PopMatters is moving to WordPress. We will publish a few essays daily while we develop the new site. We hope the beta will be up sometime late next week.
Music

Mount Eerie: Sauna

From beginning to end, Sauna reads its map upside down, but finds the destination all the same.


Mount Eerie

Sauna

Label: P.W. Elverum & Sun
US Release Date: 2015-02-03
UK Release Date: 2015-02-03
Label Website
Artist Website
Amazon
iTunes

Enjoyable as saunas are, their heat can be at once relieving and pressing. Within each song, if not in every moment, Sauna has its own kind of physical duality. Late in 2012, after the release of Clear Moon and Ocean Roar, Mount Eerie released a 7” where each side had all of the songs from one album playing simultaneously. The concept worked in a peculiar way, as the ‘songs’ captured something akin to the aura of their respective album. The hum of “Clear Moon” was warmer, while “Ocean Roar” was stormier. Sauna can be disorienting at times, too, but, more to the point, it has a peculiar way of making you feel like you're listening to two overlapping albums that follow perpendicular impulses.

What is very loud but also very quiet? Opener “Sauna” feels intended to find an answer to such a riddle. Over its ten minutes -- half of which is not much more than a sustained organ note and the crackling sound of, yes, a sauna -- the song isn’t so much ‘quiet-loud’ (though it does that, too) as it is both at the same time. The dark feedback storm that lashes against the quiet inside (“I don’t think the world still exists / Only this room in the snow / And the light from the coals”) for eight minutes finally swells and hovers overhead. The humid calm keeps indoors, with the gentle overlapping voices of Phil Elverum and Allyson Foster (also of Hungry Cloud Darkening) offering one another respite from outside forces that threaten to overwhelm.

It is a great piece of scene-setting, but not quite indicative of a banya rock opera to follow. It is, however, the first of a dozen unseen left turns, and if Sauna were to be a concept album, the premise would be confounding expectations. When “Turmoil” begins to build, it also begins to fade away, making good on the fleeting presence promised in its initial image, “In the morning it feels like coming in to a clearing / And the disorientation lingers only for a breath.” “Dragon” does not itself roar, but whispers with delicate layers of vocals and grazed nylon strings, with what sounds like an airplane passing overhead in the middle serving as the titular flying monster. “Emptiness” is a dense braid of organ, cymbals, and Elverum’s winding soliloquy about “More emptiness again / And more, and more.” “Boat” and “Planets” are brief when they seem to beg for more time to unfold, perhaps making room for the multi-part anti-prog culmination of “Spring”. From beginning to end, song by song, Sauna reads its map upside down, but reaches its destination all the same.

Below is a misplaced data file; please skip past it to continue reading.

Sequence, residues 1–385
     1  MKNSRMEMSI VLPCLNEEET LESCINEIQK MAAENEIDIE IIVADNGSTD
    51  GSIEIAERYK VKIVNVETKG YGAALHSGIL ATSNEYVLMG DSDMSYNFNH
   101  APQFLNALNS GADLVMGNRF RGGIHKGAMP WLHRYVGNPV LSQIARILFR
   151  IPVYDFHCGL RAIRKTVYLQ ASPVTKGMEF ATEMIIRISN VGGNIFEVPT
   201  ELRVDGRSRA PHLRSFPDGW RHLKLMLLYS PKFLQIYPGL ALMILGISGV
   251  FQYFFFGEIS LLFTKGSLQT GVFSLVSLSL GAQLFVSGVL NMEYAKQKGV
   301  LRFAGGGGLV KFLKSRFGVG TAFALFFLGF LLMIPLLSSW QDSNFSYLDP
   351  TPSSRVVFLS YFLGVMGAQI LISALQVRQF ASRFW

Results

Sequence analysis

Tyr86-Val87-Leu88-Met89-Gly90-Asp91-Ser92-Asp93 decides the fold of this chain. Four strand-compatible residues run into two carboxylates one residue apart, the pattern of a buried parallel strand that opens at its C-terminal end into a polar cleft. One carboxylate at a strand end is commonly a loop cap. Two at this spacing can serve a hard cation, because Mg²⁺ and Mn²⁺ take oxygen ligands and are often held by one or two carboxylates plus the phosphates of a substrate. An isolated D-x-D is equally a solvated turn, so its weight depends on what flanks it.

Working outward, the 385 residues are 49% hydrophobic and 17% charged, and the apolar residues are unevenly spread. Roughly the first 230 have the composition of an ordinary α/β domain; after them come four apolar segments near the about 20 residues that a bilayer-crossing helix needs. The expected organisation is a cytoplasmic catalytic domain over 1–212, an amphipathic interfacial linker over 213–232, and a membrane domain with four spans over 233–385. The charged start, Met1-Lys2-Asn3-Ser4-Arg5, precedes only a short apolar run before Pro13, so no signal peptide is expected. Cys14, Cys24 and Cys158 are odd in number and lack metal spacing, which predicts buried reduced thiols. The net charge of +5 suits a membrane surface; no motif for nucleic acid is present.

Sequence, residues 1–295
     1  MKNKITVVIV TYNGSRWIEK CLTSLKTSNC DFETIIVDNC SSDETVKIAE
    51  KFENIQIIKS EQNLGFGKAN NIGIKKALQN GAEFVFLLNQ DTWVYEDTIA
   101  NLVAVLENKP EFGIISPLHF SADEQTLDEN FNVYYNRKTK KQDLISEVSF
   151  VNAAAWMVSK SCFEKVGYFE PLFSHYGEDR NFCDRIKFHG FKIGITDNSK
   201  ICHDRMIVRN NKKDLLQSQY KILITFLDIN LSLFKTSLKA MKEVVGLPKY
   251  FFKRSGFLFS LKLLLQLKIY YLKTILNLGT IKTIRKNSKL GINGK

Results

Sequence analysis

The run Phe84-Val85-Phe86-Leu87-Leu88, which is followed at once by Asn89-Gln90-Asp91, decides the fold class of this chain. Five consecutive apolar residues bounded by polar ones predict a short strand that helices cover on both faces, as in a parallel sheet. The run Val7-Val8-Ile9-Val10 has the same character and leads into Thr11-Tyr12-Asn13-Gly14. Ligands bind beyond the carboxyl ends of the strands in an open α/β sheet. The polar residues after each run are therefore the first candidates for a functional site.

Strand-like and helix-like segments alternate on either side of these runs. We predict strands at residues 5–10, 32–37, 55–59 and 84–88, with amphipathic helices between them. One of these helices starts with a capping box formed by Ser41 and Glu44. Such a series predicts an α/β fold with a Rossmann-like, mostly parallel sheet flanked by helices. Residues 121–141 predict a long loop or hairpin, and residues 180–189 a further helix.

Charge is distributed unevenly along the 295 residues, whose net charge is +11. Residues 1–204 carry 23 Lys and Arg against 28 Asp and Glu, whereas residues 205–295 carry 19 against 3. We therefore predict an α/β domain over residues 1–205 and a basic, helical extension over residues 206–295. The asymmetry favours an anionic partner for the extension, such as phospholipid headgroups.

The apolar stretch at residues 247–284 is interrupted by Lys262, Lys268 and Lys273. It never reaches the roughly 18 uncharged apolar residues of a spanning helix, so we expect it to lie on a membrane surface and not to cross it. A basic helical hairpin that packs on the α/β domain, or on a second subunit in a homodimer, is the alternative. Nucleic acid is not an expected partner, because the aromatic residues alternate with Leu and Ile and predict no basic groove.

Before Sauna, the symbiotic 2012 duo of Clear Moon and Ocean Roar was a culmination of long-building themes in Phil Elverum’s oeuvre. Natural forces have come in to focus on, and provided the titles for, the last three Mount Eerie records: wind, moon, ocean. These three things have been name-dropped in numerous Elverum songs even since he began recording under his previous nom de plume, the Microphones. A probably incomplete accounting finds the moon rising seven times, and the ocean (including waves and water) coming up at least eight. If you count the air and wind together, that would be a minimum of nine appearances. (If you’re wondering where the sun fits in to all of this, it is his business partner: P.W. Elverum & Sun, Ltd.)

It has been suggested that Elverum’s music is about a sense of place, and that is probably still the place to start. Forests may keep appearing on Mount Eerie album sleeves, but there’s more going on than just ‘tree gaze’. The description on the P.W. Elverum & Sun website explains that “’Vikings and zen and real life’ are the reference points” for the new album, but nature remains central. At many times, Sauna is like a journal of lonely walks in the woods, the reveries to be found in the absence of other people replacing the dramas of their presence. Even when the journeys are more mundane -- as in “Pumpkin”, where he walks into town to visit the bookstore, recounting, “And every ordinary moment / Looking at trash on the ground” -- Elverum finds the illumination of experience among the “wet rocks and dark sand”. Inverted, reordered, even exploded; underneath the album’s conscious sonic readjustments, the heart of Mount Eerie beats on.

8

Please Donate to Help Save PopMatters